Ships may use Engine Modulation (EM) to decrease the hit probability of weapons targeted upon them.
UTM6.1 If a unit desires to use EM, the owning player must so declare before expending that unit's first movement point in the current movement turn. He announces how many points he will use for engine modulation and the unit's movement allowance is reduced by that number.
Example. If a ship had six movement points and chose to use two of them for engine modulation, its effective movement would be only four.
UTM6.2 The first point of EM costs an amount of movement points equal to the ship
Title:
Post by: Erik Luken on September 13, 2007, 01:07:11 PM
I'll second that "write your own rules" bit is hard. I've done so and if you want a look at them, the address should be in my sig. I spent close to 4 years working on them (mainly because there were things in 3rdR that felt "wrong" and 4e just wasn't "it")
Title:
Post by: crucis on September 13, 2007, 01:50:18 PM
Quote from: "Erik Luken"
I'll second that "write your own rules" bit is hard. I've done so and if you want a look at them, the address should be in my sig. I spent close to 4 years working on them (mainly because there were things in 3rdR that felt "wrong" and 4e just wasn't "it")


I take it that the user name and pword that works for this forum doesn't work on the Astra Imperia site.  (Like the name)
Title:
Post by: crucis on September 13, 2007, 01:51:41 PM
Quote from: "Steve Walmsley"
Quote
However, a simple way to give missile ships a more realistic balancing effect in 3rdR would be to remove their magical ability to reload their magazines whenever they like (thanks to the omnipotent Missile Fund and CFN).
I fully understand what you're saying, Steve.  The problem is that you run into divergent, but legitimate goals of simplicity/reduced paperwork vs game balance/perceived realism.  On one hand, attempting to reduce paperwork and create overall simplicity tends to favor pushing towards not having to buy, move, and track individual missiles and hiding all of that under some layers of abstraction.  OTOH, the desire for game balance and a perception of realism tends to push towards paying attention to all of those individual missiles.

The question for missiles then seems to become what's more important, the simplicity/reduction in paperwork aspect or the balance/realism aspect?  One point that I'd make is that I think that the "balance" question is debateable.  People may feel differently about how out of balance missiles may be.  OTOH, I  would like to think that most people would think that the value of simplicity and paperwork reductions are good things... which in the end, is why I'd probably tend to lean in favor of the simplicity side of the argument, just because its value seems unquestioned, while the balance side of the argument seems much more up in the air.  Of course, as they say, your mileage may vary.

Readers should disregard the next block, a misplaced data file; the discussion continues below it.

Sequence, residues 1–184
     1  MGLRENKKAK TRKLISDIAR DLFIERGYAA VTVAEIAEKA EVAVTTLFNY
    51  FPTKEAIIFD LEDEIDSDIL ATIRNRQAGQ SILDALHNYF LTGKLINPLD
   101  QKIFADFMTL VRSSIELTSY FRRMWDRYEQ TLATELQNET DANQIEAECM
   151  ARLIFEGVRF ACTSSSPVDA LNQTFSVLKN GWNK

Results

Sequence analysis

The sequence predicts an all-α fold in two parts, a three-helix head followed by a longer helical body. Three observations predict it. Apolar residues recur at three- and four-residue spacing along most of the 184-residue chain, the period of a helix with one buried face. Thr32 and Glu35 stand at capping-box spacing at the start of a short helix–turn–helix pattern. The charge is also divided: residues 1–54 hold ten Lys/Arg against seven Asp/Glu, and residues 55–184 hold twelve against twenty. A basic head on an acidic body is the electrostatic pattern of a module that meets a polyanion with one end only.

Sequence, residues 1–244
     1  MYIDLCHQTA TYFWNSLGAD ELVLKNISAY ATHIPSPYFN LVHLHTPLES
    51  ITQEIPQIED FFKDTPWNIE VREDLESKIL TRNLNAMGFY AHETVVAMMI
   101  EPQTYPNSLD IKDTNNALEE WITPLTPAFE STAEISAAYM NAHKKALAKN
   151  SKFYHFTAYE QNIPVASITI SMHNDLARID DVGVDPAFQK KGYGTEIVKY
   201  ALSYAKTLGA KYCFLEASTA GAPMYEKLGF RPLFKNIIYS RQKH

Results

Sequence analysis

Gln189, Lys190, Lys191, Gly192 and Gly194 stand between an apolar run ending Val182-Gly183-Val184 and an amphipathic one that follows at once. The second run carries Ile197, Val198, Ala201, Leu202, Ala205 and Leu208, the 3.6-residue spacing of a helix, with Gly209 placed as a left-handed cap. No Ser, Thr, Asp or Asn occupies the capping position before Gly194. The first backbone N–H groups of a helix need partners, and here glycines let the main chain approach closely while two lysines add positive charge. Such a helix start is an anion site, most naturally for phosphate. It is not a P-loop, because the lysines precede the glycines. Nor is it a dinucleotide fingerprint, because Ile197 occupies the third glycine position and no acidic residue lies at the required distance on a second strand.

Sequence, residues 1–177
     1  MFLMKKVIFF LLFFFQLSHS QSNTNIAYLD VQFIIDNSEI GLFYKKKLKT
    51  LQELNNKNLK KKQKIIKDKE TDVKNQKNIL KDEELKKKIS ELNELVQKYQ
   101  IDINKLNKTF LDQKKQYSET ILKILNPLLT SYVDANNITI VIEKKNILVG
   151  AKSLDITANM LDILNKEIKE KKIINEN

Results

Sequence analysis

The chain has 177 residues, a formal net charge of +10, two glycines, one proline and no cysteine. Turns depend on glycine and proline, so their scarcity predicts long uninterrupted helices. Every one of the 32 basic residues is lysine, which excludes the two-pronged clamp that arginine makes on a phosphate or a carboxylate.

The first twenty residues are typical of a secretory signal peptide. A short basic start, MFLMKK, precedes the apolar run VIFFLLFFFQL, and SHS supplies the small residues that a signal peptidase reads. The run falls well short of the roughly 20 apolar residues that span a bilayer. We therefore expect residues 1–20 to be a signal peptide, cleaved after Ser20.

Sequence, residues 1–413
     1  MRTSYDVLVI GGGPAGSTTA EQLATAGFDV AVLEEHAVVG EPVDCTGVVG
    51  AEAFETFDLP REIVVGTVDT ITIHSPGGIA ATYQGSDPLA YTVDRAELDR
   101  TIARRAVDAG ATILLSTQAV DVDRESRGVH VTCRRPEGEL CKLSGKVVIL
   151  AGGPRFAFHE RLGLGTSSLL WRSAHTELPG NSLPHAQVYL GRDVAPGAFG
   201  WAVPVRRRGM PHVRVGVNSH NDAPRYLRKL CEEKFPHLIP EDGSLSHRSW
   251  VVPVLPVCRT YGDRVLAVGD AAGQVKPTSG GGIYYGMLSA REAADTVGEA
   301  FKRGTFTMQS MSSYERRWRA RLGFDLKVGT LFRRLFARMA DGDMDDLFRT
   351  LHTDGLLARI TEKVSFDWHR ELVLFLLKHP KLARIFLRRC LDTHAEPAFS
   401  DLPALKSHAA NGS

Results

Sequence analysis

If a campaign was completely paperwork-based then I have to agree that keeping track of individual missiles would be a nightmare. However, I haven't played a game without computer support since second edition and I seem to recall it took an hour to roll up one star system. Its virtually impossible to play any sizeable Starfire campaign wihout computer support so if you assume even limited support, then tracking things like missiles becomes easy enough to be a realistic option. [/quote]

I can accept that.  I guess that the trick is that if you write a pen and paper game, you tend to want to write the game with the basic assumption that it should be playable on P&P.  But if you're going to assume that computer support is needed from the start, it almost seems incumbant on the game designer to include the computer support tools with the game, which, of course, is a completely different kettle of fish.

I should say that I also haven't rolled up more than a tiny handful of star systems in most of my campaigns after the mid 80's. I've written my own sys gen programs over the years.  (Now, if only I can get around to finishing my Ultra-ized system generator....)

Other than system generation, I've tended to just use P&P.  Part of the reason is that I just liked grabbing my campaign notebooks and plopping down in a comfy chair and doing my SF game stuff without being tied to my computer, although I suppose that in this age of laptops, one can accomplish the same thing with such a laptop.



Quote
As an example, the Rigellian universe has seventeen active races, 1937 fully-generated systems, 1200 inhabited worlds and 9420 individual ships. I would guess Kurt's campaign was even larger. That isn't going to be a paper-based campaign so why not make use of the added realism that a computer can provide, especially when the software is free.

Ho-lee freakin' crap!!!  That's a LOT of star systems!!!   And 1200 inhabited systems... that's probably a lot of income, even under the (as I understand it) reduced income rules in SM#2.



Quote